Spring is here and as the weather warms up and the days get longer it’s the perfect time to hit the golf course with your mates. But are you protecting yourself from the sun while you’re at it? Here’s our 3-step guide for sun protection to help you get started!
1. Set up: Tee up better sun protection while on the course
UV radiation from the sun damages unprotected skin when UV levels are 3 or higher which – across NSW – is on most days of the year. Knowing when to slip, slop, slap, seek and slide is the first step to good sun protectionwhen you hit the course!
Download the SunSmart app to receive daily UV updates. Don’t forget to set the alert to receive a daily reminder and encourage your mates and colleagues to do the same.
Slip on sun protective clothing: long trousers, sun sleeves or a long-sleeved top designed for golf won’t overheat or hinder your swing.
Slop on sunscreen: non-greasy/dry touch sunscreens will protect your grip.
Slap on a broad-brimmed hat: broad-brimmed hats designed for golf will stay on firmly; the brim will protect your ears, neck and face, which are high risk areas for melanoma.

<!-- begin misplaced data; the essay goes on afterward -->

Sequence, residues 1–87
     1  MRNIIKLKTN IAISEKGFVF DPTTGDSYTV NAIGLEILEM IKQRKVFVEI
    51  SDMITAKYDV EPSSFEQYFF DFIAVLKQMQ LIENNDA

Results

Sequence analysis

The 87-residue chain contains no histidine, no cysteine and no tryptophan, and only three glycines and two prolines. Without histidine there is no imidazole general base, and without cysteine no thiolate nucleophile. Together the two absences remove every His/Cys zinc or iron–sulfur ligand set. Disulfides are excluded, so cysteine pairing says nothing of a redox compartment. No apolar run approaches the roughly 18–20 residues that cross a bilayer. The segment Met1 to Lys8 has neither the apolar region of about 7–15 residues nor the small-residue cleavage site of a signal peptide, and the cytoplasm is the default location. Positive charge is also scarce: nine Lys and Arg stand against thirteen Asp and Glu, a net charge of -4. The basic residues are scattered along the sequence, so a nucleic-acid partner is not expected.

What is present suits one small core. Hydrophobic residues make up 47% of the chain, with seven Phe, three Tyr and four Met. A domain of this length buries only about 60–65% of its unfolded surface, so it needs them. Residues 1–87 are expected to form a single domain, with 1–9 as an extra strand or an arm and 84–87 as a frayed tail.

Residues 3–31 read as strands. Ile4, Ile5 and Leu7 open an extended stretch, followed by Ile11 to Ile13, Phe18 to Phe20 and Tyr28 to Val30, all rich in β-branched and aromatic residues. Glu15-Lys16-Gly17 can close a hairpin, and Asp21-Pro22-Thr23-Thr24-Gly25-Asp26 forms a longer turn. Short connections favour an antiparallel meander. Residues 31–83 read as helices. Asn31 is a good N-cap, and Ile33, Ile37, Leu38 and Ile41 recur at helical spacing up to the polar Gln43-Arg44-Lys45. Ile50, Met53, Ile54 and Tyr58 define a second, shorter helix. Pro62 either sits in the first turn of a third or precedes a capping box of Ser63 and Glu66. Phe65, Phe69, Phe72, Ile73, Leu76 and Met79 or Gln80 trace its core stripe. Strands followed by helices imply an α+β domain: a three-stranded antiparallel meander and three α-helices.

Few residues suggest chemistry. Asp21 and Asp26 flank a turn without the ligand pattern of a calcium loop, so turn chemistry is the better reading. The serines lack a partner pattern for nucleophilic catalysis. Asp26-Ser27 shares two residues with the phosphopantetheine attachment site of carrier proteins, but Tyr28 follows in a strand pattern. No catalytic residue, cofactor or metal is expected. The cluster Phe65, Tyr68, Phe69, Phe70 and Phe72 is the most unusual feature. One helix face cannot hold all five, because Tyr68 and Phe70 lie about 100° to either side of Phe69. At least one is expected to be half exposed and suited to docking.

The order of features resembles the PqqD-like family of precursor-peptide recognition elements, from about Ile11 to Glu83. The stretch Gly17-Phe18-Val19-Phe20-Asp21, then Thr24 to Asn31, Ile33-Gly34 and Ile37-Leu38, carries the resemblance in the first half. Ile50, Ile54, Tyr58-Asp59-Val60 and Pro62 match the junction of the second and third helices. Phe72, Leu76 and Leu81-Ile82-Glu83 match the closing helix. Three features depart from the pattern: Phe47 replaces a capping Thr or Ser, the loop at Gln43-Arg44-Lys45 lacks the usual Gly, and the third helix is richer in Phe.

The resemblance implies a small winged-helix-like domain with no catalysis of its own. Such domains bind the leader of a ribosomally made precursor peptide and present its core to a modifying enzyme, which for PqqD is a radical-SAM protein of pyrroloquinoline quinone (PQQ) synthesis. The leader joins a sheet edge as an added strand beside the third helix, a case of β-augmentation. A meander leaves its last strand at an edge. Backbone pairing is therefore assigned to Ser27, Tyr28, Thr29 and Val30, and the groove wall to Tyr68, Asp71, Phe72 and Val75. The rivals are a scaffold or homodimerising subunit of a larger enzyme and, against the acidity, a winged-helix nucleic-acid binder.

Seek out shade: wait to tee off in the shade and seek out shade wherever possible to stay cool and reduce UV exposure.
Slide on sunglasses: choose wraparound sunglasses and add polarisation to cut down course glare.
3. Follow through: Practise and encourage good sun protection with your mates.
It’s never too late to protect against melanoma. Use your influence with mates who express the view that “the damage is already done”; encouraging them to change their behaviour is one of the most valuable things you can do. Here’s how to get started:
Be seen to practice good sun protection yourself at the times of day that sun protection is recommended.
Talk to fellow golfers about the dangers of melanoma and encourage them to protect their skin from the sun when they play. Our Golf Pro’s guide to sun protection provides some hard-core facts to help you get them thinking.
In NSW men over the age of 40 are 1.5 times more likely to be diagnosed with melanoma and 2.5 times more likely to die from melanoma than women of a similar age. Evidence has also shown men generally have poorer sun protection behaviours than women, in particular, while out playing golf.
It is easy to see why golfers are at risk of developing skin cancer when you consider:
Long periods spent outside in peak UV times.
Limited shaded areas on golf courses.
Many surfaces (grass, sand and water) which reflect ultraviolet (UV) radiation.
Find more information on how you can protect your skin from sun damage on our sun protection page.
The Longest Day
The Longest Day is the ultimate golf challenge designed to test your skill, strength, and stamina.
The challenge is to successfully complete four rounds of golf from dawn to dusk and raise funds for Cancer Council’s research, prevention, and support services.
Think you have what it takes?
Register now for The Longest Day and let’s tee off for a cancer free future.